May 18, 2020
In a world of digital chaos, cultivating fandom is a method by which strong brands expand their reach through pure love. There is a neurological support network that people identify with, and fandom is at the core of its connectivity.
While #SMWONE, Fanocracy& # 39; S David Meerman Scott and Talkwalker& # 39; S Todd Grossman discussed our collective hunger for relationships and the fandom that nurtures them. Increasingly tech tired and offered tired, people long for human connection. Nothing brings people closer together than mutual enjoyment.
David is an author best known for The New Rules of Marketing and PR, a multi-year seller for over a decade, as well as other bestsellers including Fanocracy, Real-Time Marketing & PR and Marketing Lessons from the Grateful Dead.
Todd is CEO Americas at Talkwalker, a conversation company. Talkwalker delivers social insights that help brands build growth. Their groundbreaking AI technology was developed in-house to offer the best and most flexible video, image, text and language analysis for any media type.
Here are the key findings and insights:
- Fandom drives purchase decisions
- From a neurological point of view, people feel safest in a group of like-minded people
- Building a fandom is the practice of creating shared emotions
Fandom is common emotions
Fandom is essentially the shared emotional experience, and "everyone has the opportunity to build a fan base," said Meerman Scott Take Haggerty Insurance, for example – they insure vintage cars, with the owners being a pretty passionate group. Haggerty has made its customer base fans by creating a proprietary social network and through its YouTube channel, which currently has more than 500,000 subscribers. "Haggerty Insurance has one of the biggest fandoms" because "they created a human experience out of the ordinary."
Fandom drives buying decisions and when people find their tribe, they create a positive connection between the emotional experience of the tribe and the company that makes these connections.
Let the fans take over
If you offer your customers an experience through video, marketing, or IRL efforts, it's worth letting go. "Once you publish it there, you no longer own it," says David. Some brands use a healing method that forces strict subscription conditions. Think of Adobe's default language, which reminds us that "Photoshop is not a verb, it's a product name." Other brands prefer a transformative method. This means that fans can do what they want with your product by creating videos and memes and adopting them as their own. Think of the Roomba videos of the product owner's pets driving around the house.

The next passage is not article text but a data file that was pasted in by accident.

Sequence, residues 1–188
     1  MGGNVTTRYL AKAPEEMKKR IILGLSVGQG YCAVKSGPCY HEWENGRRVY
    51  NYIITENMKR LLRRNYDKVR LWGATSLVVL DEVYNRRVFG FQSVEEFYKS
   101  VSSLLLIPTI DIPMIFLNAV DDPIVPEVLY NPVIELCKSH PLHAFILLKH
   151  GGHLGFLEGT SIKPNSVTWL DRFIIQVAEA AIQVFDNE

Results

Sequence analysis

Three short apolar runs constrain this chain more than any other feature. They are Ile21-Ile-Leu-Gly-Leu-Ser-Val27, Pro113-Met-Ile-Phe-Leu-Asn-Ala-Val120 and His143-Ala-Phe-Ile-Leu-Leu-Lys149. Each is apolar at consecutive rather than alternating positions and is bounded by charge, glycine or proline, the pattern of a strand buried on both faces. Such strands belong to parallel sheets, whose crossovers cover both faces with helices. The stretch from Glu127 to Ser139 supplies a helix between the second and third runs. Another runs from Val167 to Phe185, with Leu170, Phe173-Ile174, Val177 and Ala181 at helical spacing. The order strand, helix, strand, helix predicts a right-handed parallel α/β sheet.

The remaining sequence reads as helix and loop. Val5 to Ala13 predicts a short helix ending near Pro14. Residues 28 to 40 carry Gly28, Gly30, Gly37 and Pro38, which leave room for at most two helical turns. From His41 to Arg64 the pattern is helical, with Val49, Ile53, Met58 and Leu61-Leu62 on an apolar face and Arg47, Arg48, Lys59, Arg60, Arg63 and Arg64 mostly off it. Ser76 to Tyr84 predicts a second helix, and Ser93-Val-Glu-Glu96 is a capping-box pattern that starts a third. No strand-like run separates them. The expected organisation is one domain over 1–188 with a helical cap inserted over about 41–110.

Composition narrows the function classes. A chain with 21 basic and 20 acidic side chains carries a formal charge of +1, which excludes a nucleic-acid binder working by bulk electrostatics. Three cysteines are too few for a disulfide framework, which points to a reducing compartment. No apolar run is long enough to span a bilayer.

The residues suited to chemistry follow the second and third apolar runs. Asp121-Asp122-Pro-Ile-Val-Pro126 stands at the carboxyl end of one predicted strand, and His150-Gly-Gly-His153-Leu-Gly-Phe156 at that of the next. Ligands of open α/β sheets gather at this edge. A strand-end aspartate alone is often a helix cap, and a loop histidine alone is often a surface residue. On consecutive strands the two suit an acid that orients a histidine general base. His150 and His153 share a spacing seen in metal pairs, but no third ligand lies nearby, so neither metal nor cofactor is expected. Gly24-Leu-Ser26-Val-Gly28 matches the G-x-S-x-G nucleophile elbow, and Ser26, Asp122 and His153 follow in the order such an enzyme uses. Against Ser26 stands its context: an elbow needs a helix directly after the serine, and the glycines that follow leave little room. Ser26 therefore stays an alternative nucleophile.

Give more than you have to
One way to promote the fandom is to give generously and without expectations. Creating a roadblock (e.g. requiring registration before downloading assets) creates a controversial environment. When things are released, it promotes a feeling of reciprocity that can be very rewarding. Look no further than the Hubspot method, which allows you to give away all teaching materials while building up a huge fan base.
Take the grateful dead approach to recording their live shows: when other bands banned it, they welcomed it. In return, they created a fandom that is still strong decades later.
Passion is contagious and creates community
Brands that literally and figuratively exist as stickers on a laptop have persistence that is determined by this community. It is not impossible to promote this real human connection virtually, only a few changes are required. David's hack for personal experiences from afar? Tighten the crop in your video. When you see someone's face up close, it creates the feeling of actually being close by, and it mimics the emotional experience of being together in real life.
From the point of view of content or messaging, it is more important than ever to re-humanize your language when you reach your audience. Meerman Scott has been intensely concerned with what he calls the Gobbledygook of corporate PR language. In a study of every press release that was distributed over a 12-month period, he identified innovative, unique, and top-notch words as the most frequently repeated words. "If you have to announce that you are one of those things, are you really?" he asked.
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